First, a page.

Aurvandil – Thrones (Eisenwald)Thursday, 10th April 2014
Our black metal contingent on the staff, specifically Bowling, Erickson, and Keating, will probably disagree with this, but, Aurvandil’s 2011 album Yearning is the decade’s best black metal album. Dignified by its never-ending surplus of cold, calculating riffs, and an ever-so-slight echo chamber thrust upon each of the album’s songs, Yearning had immediately identifiable production qualities, a lot of which were typical of black metal, yet made the band come across as isolated, and singular. We’re not going to haul out the normal “Three years have passed since Yearning…” line to describe the band’s new Thrones, though. Aurvandil already says enough for mobilization based on this body of work alone.
Four cuts make up Thrones, providing it with the now style-standard of very long, and winding songs. The current fascination with tunes of the lengthy variety can be befuddling; if you have so many ideas in which to extend a song, why not move them onto an entirely new composition? Such is the sole – and unfortunate – failure of Thrones, for this batch doesn’t have the urgency nor atmospheric allure of its predecessor. Sure, the grandiose and haunting chants at the tail-end of “From Whom Burnest Thou” is killer, and the cacophony stirred on “The Harvest of Betrayal” (see lots of blasts, Cascadian BM riffs) can hang, yet Aurvandil blend more into the scenery with Thrones than they should be.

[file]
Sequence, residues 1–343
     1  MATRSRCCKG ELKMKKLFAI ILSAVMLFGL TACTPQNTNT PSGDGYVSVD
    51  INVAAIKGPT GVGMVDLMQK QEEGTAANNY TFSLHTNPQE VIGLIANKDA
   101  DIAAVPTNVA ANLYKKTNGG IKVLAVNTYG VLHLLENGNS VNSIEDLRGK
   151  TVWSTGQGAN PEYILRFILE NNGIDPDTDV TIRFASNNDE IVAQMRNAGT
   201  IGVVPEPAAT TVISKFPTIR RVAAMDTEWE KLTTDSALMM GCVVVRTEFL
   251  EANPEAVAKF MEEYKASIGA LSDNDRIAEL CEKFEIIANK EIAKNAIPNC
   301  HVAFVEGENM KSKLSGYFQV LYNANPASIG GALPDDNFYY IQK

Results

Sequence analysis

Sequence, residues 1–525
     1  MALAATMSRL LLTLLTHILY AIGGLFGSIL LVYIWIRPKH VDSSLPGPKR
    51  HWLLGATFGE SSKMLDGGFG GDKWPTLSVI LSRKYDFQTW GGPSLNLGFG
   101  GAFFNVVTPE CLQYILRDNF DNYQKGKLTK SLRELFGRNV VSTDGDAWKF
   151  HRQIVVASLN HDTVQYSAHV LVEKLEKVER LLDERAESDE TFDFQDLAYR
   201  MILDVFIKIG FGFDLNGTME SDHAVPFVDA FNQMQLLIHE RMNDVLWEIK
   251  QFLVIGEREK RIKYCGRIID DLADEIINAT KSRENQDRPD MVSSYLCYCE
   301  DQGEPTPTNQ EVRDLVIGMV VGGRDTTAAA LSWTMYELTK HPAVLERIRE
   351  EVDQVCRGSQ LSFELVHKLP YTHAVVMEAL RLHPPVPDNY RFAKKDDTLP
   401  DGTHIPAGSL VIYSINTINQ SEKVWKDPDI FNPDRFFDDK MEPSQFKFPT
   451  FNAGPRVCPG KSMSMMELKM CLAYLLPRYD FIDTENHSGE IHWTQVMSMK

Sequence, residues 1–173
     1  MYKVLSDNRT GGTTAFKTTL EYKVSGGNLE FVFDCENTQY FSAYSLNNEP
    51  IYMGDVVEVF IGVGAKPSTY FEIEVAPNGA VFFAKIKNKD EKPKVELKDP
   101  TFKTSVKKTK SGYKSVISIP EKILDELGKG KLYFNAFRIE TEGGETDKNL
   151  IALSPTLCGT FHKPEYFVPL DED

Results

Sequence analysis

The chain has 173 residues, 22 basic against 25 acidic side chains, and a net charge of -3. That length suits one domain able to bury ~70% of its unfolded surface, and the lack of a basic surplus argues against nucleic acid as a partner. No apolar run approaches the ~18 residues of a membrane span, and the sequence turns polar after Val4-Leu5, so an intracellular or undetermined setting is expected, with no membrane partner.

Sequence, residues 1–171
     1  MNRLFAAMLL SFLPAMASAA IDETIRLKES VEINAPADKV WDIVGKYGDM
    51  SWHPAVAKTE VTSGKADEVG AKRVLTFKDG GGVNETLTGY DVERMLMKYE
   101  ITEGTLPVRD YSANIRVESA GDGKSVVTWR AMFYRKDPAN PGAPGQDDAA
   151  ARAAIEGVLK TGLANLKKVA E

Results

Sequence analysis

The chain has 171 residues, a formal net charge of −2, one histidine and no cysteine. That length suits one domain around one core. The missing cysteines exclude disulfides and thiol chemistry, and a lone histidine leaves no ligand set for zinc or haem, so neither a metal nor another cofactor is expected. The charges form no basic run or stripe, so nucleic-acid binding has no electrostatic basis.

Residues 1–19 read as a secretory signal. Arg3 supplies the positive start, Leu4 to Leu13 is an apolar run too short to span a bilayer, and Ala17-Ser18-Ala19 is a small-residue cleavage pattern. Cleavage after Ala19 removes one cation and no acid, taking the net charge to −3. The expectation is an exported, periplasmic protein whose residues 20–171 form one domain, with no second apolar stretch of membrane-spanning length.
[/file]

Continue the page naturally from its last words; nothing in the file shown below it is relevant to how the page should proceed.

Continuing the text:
Given the tone of this review, it’s fair to surmise DR is not onboard with Thrones, which couldn’t be further from the truth. New entrants in Aurvandil’s sonic spectrum will have little problem navigating through the multi-faceted caress of the tunes mentioned above, as well as the lush acoustic action of “Summon the Storm,” so in essence, the album is worthy. However, it’s no match for its predecessor, which in light of these four new tunes, stands even more firm as the decade’s best black metal album.